The morning of March 14th she accidentally texted me. It was a text meant for Meghan, so I didn’t respond.

What if I had? Would I have been able to tell something was wrong? Could I have helped?

I don’t know the answer to that. I can’t change it.

I grieve that she will never know her grandchildren on this earth. I grieve that she will not be at her children’s weddings. I grieve that the best Hayden is alone is his big house; yet no less loved. I grieve not getting to hear her laugh or sing or say her kid’s names in the way only she could, as their mother. It’s terribly unfair.

My internal personal commitment has been to no longer allow differing politics to stand in the way of my relationships.

I don’t post much anymore about wedge issues the media chooses for us.

I don’t want my selfish need to express my opinion on social media to push away any chance of a relationship with people I care about.

I’ve seen that happen in my own family; not just for me and Aunt Genene, but between the grandkids/cousins. It literally grieves me.

This doesn’t mean I don’t express my views, but I try so hard not to do it just because I think I want to be heard.

If you know where I stand anymore, it’s because we’ve talked face-to-face, or on the phone. It won’t be through hurled insults typed on any screen.

Love is what matters. And yes, it matters to me regardless of who someone votes for.

That’s how my Aunt Genene’s death has changed me. I want my love to be what people know about me. I want love to lead the way in my relationships of any type.

2 weeks after my Aunt Genene died, my Aunt Narda died. A week later a sweet teacher-friend died.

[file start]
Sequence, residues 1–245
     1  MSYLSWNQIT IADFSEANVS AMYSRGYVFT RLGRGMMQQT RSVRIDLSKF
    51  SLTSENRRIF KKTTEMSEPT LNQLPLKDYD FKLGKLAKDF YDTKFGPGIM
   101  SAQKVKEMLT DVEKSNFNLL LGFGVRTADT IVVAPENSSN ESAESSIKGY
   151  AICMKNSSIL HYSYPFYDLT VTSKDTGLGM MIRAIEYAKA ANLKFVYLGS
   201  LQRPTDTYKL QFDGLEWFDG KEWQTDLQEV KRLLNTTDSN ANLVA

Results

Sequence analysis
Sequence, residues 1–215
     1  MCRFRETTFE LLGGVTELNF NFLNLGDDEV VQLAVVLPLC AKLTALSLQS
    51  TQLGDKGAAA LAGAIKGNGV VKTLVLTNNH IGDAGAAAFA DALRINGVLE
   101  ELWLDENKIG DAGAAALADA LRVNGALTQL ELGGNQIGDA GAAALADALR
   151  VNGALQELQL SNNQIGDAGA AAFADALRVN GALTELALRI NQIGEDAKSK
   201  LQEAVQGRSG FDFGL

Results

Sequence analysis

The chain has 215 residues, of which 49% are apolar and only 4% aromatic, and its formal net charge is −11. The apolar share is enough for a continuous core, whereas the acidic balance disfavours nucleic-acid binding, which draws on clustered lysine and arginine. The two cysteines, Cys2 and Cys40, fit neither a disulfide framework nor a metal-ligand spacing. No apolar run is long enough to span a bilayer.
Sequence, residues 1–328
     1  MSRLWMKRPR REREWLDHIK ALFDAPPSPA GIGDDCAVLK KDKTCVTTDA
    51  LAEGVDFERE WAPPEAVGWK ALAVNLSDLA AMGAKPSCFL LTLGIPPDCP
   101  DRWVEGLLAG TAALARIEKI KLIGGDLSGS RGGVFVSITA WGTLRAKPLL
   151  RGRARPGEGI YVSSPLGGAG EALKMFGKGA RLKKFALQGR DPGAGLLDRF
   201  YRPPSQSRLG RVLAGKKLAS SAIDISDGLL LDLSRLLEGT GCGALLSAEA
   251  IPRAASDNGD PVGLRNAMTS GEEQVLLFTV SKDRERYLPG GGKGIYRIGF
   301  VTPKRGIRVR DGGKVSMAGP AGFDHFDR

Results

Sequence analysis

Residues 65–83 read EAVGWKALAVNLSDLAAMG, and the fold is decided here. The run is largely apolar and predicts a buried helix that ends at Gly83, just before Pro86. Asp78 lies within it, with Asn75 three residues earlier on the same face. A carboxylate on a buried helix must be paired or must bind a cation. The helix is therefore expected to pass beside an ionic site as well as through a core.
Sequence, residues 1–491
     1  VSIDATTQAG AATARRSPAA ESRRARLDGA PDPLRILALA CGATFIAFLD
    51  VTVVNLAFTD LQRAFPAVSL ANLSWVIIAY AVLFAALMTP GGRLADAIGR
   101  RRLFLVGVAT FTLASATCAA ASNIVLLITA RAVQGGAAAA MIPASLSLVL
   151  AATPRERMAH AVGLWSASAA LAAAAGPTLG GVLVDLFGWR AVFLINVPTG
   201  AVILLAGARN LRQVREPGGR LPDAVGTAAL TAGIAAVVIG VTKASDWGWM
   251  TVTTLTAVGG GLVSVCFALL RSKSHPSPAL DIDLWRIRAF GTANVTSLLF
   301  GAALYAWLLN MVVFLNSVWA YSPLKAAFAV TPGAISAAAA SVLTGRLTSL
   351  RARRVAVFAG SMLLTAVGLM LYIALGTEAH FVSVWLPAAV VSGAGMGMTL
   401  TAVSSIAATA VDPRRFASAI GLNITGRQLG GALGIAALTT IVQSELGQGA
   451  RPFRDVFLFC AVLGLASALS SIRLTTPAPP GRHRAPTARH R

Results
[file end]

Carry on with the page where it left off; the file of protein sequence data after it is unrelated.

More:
All those chances to love were lost. People. I lost people.

For tonight, I raise a glass of my strawberry lambic beverage to my Aunt Genene. She would have enjoyed it…and she would have been tipsy on half a glass. She was always a lightweight.

Life is fleeting, and sometimes hard. We don’t need to make it harder.

Tell your people you love them. Be gentle. Be patient. Seek justice, but remember that social media keyboard battles aren’t likely to change much.

But our love just might.

  1. Sherri Altis - March 13, 2019

    Well said, Lisa. We all need to learn to cherish each other more.

  2. Amanda - March 13, 2019

    I’m not crying! I love you and this is so beautiful!

  3. Maria Reynolds - March 13, 2019

    Wow! You are an amazing person Lisa and the only way I know you is through Facebook and the fact that we are related once removed. (? Probably stated wrong, Lol, but you know what I mean) What a good soul you are and what a beautiful tribute to your Aunt and family.

  4. Brenda - March 13, 2019

    This was so beautiful. Hard to read between the snotty nose tears, but I couldn’t have said it better. Love you Lisee